Microsoft-specific exception handling mechanisms
Structured Exception Handling
Microsoft Structured Exception Handling is the native exception handling mechanism for Windows and a forerunner technology to VEH. It features the
finally mechanism not present in standard С++ exceptions (but present in most imperative languages introduced later). SEH is set up and handled separately for each thread of execution.
The Microsoft implementation of SEH is based on a patent licensed from Borland, U.S. Patent 5,628,016. Open-source operating systems have resisted adopting a SEH-based mechanism due to this patent.
Microsoft supports SEH as a programming technique at the compiler level only. MS Visual C++ compiler features three non-standard keywords:
__finally — for this purpose. Other exception handling aspects are backed by a number of Win32 API functions, for example,
RaiseException to raise SEH exceptions manually.
Each thread of execution in Windows has a link to an undocumented _EXCEPTION_REGISTRATION_RECORD list at the start of its Thread Information Block. The
__try statement essentially calls a compiler-defined
EH_prolog function. That function allocates an _EXCEPTION_REGISTRATION_RECORD on the stack pointing to
__except_handler3[a] function in
msvcrt.dll,[b] then adds the record to the list's head. At the end of the
__try block a compiler-defined
EH_epilog function is called that does the reverse operation. Either of these compiler-defined routines can be inline. All the programmer-defined
__finally blocks are called from within
__except_handler3. If such blocks are present, _EXCEPTION_REGISTRATION_RECORD being created is extended with a few additional fields used by
In a case of an exception in a user mode code, the operating system[c] parses the thread's _EXCEPTION_REGISTRATION_RECORD list and calls each exception handler in sequence until a handler signals it has handled the exception (by return value) or the list is exhausted. The last one in the list is always the
kernel32!UnhandledExceptionFilter which displayes the General protection fault error message.[d] Then the list is traversed once more giving handlers a chance to clean up any resources used. Finally, the execution returns to kernel mode[e] where the process is either resumed or terminated.
Vectored Exception Handling
Vectored Exception Handling was introduced in Windows XP. Vectored Exception Handling is made available to Windows programmers using languages such as C++ and Visual Basic. VEH does not replace Structured Exception Handling (SEH), rather VEH and SEH coexist, with VEH handlers having priority over SEH handlers. Compared with SEH, VEH works more like a traditional notification callback scheme.
- The name varies in different versions of VC runtime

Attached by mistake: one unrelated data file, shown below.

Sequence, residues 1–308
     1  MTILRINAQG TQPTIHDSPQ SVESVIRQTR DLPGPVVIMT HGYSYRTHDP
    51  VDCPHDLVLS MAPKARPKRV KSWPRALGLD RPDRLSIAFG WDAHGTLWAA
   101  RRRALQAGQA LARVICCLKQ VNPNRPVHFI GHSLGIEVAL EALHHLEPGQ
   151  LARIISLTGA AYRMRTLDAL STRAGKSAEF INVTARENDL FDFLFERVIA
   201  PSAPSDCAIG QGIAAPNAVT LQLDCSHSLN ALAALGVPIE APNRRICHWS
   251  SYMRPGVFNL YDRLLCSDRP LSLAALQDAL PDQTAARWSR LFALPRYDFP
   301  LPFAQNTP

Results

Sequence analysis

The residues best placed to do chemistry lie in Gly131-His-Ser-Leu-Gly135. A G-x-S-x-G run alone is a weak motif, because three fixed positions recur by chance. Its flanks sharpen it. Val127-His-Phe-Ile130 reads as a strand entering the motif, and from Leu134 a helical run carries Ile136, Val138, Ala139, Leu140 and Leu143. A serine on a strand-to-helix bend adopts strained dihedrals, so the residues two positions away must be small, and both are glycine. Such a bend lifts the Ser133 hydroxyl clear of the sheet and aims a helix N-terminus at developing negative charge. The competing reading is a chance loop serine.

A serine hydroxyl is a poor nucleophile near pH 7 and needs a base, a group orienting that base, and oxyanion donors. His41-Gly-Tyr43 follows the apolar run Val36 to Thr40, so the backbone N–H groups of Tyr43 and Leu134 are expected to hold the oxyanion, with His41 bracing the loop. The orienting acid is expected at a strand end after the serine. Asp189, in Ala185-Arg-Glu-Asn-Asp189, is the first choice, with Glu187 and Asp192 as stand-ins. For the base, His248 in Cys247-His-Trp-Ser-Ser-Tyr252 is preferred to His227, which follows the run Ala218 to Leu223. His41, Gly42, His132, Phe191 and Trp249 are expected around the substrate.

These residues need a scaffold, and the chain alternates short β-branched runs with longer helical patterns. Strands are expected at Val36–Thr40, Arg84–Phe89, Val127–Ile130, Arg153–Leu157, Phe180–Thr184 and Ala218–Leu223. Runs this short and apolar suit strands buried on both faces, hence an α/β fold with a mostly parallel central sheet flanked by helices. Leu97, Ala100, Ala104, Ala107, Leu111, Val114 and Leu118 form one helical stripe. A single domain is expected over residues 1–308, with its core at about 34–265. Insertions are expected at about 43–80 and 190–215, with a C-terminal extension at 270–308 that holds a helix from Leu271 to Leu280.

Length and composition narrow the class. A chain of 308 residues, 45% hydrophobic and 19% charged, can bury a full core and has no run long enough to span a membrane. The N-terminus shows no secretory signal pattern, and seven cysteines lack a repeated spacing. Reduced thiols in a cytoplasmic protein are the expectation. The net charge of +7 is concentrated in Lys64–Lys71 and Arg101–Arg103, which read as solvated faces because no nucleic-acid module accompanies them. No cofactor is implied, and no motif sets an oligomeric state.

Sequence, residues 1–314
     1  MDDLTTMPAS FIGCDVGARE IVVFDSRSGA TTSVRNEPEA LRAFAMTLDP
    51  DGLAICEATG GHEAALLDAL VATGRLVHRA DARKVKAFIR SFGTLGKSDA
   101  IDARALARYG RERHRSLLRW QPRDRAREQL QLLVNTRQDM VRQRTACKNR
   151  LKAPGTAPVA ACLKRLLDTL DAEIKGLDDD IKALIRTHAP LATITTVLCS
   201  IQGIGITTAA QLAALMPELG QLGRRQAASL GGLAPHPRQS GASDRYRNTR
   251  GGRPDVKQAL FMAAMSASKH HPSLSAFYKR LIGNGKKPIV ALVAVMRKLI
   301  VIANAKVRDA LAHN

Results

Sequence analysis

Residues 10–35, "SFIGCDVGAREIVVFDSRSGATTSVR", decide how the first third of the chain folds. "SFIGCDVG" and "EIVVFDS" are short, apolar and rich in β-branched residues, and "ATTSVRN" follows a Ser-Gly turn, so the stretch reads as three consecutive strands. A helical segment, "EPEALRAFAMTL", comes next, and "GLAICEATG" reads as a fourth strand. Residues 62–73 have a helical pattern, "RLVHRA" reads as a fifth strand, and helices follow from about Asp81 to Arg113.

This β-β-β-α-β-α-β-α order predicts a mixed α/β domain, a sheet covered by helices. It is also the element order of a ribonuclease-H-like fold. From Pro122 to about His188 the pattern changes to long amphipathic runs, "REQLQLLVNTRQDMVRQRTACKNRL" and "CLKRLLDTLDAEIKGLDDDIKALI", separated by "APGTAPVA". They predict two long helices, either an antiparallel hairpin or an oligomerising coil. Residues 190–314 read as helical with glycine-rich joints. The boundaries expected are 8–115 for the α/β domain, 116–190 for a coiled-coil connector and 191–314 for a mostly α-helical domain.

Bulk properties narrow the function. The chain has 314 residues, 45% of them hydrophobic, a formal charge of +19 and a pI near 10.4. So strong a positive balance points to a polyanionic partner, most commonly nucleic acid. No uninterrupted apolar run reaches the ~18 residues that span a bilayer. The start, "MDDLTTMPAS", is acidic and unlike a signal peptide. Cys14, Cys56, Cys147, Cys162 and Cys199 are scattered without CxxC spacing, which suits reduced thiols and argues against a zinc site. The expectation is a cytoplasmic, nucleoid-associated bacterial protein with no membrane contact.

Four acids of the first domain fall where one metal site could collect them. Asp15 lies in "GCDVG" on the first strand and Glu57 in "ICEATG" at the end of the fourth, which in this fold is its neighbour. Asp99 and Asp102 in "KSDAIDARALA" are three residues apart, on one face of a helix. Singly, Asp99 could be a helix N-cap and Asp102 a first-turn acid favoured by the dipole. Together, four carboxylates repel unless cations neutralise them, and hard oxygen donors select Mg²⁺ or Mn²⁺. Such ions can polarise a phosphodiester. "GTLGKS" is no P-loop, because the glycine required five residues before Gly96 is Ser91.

kernel32.dll, as well as other programs linked statically with VC runtime, have this function compiled-in instead
- More specifically,
ntdll!RtlDispatchExceptionsystem routine called from
ntdll!KiUserExceptionDispatcherwhich is in turn called from the
nt!KiDispatchExceptionkernel function. (See Ken Johnson (November 16, 2007). "A catalog of NTDLL kernel mode to user mode callbacks, part 2: KiUserExceptionDispatcher". for details)
- The message can be silenced by altering the process's error mode; the default last handler can be replaced with SetUnhandledExceptionFilter API
- "Vectored Exception Handling in Windows Server 2003 (Through Internet Archive)". Archived from the original on 2008-01-18.
- Matt Miller [aka skape] (September 2006). "Preventing the Exploitation of SEH Overwrites". Uninformed Journal.
- Microsoft Corp. (2009-11-12). "Structured Exception Handling Functions". MSDN Library. Retrieved 2009-11-17.
- Peter Kleissner (February 2009). "Windows Exception Handling". Retrieved 2009-11-21., Compiler based Structured Exception Handling section
- "New Vectored Exception Handling in Windows XP".
- "Windows Server 2003 Discover Improved System Info, New Kernel, Debugging, Security, and UI APIs".
- Microsoft Corp. (2009-11-12). "Structured Exception Handling". MSDN Library. Retrieved 2009-11-17.
- Matt Pietrek (Jan 1997). "A Crash Course on the Depths of Win32 Structured Exception Handling". MSJ 12 (1). Note that the examples given there do not work as-is on modern Windows systems (post XP SP2) due to the changes Microsoft made to address the security issues present in the early SEH design. The examples still work on later versions of Windows if compiled with
- "win32: Safe Structured Exception Handling". Yasm manual.
- US patent 7,480,919 - Safe exceptions
- Johannes Passing (May 20, 2008). "Fun with low level SEH". Covers the obscure details needed to get low-level SEH (and particularly SafeSEH) code to work on more modern Windows.
- Igor Skochinsky (Monday, March 6, 2006 12:02.38 CST). "Reversing Microsoft Visual C++ Part I: Exception Handling". OpenRCE. Retrieved 2009-11-17. Check date values in:
- Matt Miller (2 Feb 2009). "Preventing the Exploitation of Structured Exception Handler (SEH) Overwrites with SEHOP". Technet.
- Stéfan Le Berre, Damien Cauquil (22 Dec 2009). "Bypassing SEHOP". Sysdream.
- Joshua J. Drake (10 Jan 2012). "Old Meets New: Microsoft Windows SafeSEH Incompatibility". An article explaining why Windows 7 SP1 ignores SafeSEH for some older binaries, while Windows XP SP3 honors it.